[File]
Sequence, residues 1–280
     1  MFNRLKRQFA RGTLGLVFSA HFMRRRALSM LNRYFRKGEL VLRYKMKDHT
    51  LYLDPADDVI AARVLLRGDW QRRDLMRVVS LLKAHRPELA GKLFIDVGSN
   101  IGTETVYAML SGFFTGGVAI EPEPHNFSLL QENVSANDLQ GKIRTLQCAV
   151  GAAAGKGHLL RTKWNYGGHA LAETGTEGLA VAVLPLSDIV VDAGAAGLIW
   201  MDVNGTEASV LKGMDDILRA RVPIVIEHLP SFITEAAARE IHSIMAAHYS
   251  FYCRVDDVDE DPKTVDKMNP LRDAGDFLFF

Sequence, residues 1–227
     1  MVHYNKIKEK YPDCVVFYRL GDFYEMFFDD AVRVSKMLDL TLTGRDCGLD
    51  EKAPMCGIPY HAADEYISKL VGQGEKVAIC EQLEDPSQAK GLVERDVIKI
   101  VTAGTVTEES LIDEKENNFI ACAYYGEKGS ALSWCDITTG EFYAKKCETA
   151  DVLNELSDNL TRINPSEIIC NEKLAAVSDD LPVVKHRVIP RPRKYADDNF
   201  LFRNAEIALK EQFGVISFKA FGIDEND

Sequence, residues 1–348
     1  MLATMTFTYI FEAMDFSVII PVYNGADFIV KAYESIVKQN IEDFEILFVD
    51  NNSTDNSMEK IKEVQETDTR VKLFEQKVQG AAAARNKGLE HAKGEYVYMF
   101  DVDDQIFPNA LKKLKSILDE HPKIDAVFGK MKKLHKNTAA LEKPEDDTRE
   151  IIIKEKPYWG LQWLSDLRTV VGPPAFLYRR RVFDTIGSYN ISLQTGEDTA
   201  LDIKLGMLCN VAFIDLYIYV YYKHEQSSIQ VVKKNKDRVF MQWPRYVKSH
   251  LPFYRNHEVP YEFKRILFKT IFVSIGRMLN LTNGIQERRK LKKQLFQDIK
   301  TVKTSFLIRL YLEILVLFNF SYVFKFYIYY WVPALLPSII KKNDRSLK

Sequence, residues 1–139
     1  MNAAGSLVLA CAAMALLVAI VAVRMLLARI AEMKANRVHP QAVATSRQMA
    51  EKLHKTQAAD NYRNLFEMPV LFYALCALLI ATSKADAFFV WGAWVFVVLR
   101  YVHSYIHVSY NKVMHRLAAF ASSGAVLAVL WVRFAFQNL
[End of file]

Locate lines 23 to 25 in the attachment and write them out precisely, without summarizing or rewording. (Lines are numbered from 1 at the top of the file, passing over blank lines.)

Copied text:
     1  MNAAGSLVLA CAAMALLVAI VAVRMLLARI AEMKANRVHP QAVATSRQMA
    51  EKLHKTQAAD NYRNLFEMPV LFYALCALLI ATSKADAFFV WGAWVFVVLR
   101  YVHSYIHVSY NKVMHRLAAF ASSGAVLAVL WVRFAFQNL